"Hidden Letters is an extraordinary piece of scholarship with a deeply moving personal story. The book is artfully shaped around two bundles of letters found in 1997 in the bathroom ceiling of a house in Amsterdam that was about to be demolished.

The letters were written by Philip “Flip” Slier who was seventeen years old in 1940 when the Nazis invaded the Netherlands.

Eighty-seven letters in Dutch are translated to English and printed with careful attention paid to recreating as close as possible the writings, notations, spelling errors, crossouts and emphases of a young man living through extraordinary and painful times.

The reader comes to know Flip through his first letter to his parents after he arrives at a work camp in Hardenberg on April 25, 1942, and through subsequent letters as he writes about his life, his worries about his family, the tightening restrictions on Jewish life, until his final letter in September. When he writes to his father:

Also I would like to know where and
with whom you have left our stuff. You
do understand me well, Pa! So that in
case it might become necessary I can
take possession of it. Yes, how much I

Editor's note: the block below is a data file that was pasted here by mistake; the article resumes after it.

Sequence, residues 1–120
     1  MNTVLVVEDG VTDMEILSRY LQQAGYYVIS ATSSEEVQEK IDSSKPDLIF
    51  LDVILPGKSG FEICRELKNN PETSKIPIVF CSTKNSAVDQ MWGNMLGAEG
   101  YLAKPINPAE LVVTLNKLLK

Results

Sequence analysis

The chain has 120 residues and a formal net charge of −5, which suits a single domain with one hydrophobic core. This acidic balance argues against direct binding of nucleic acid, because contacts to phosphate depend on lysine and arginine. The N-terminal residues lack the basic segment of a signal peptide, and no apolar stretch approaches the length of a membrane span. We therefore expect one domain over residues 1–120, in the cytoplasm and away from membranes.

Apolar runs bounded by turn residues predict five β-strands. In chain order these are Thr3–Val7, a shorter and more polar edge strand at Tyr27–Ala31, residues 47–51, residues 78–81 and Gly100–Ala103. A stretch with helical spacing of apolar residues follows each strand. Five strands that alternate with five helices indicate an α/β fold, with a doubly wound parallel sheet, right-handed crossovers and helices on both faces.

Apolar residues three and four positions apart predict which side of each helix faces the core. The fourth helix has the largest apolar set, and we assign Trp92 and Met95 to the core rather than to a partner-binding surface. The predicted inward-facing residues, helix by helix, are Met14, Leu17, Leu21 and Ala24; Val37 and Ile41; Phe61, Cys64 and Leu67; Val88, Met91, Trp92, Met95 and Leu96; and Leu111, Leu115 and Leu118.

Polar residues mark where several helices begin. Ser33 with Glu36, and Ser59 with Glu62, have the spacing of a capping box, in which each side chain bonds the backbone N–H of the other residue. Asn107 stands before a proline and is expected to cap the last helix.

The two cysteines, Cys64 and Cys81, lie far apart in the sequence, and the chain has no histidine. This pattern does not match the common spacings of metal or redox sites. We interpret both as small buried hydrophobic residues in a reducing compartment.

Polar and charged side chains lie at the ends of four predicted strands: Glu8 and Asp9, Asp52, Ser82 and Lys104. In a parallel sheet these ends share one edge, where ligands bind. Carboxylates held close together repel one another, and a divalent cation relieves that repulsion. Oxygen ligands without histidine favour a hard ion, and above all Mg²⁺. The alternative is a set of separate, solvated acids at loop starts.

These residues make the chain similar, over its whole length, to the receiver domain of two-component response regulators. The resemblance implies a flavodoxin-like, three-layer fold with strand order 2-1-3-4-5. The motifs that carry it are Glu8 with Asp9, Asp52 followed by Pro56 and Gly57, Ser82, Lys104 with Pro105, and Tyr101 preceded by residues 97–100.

would like to see you again, but there is
small chance we will get to leave.

The letters are surrounded throughout the book with supporting information, reproductions of documents, annotations, and photographs—many of them taken by Flip himself.

Before and after the letters are pieces giving the historical context of the time in which Flip lives and died. At the end of the book is a sober and moving list of Flip’s family, their dates of birth, death, and the names of the concentration camp where they were held.

The book starts with a very well written introduction that tells how the book came into being and a provocative explanation of the relationship between the authors and Flip. The book ends with an essay on the history of genocide and its sad continuation into the present day.

Hidden Letters is a beautiful book that tells the story of a sweet and stalwart young man living in hideous times."
- Arend A. Vander Pols
d.i.s. magazine (a quarterly publication of the Dutch International Society)
Volume 40, No.2
September, 2008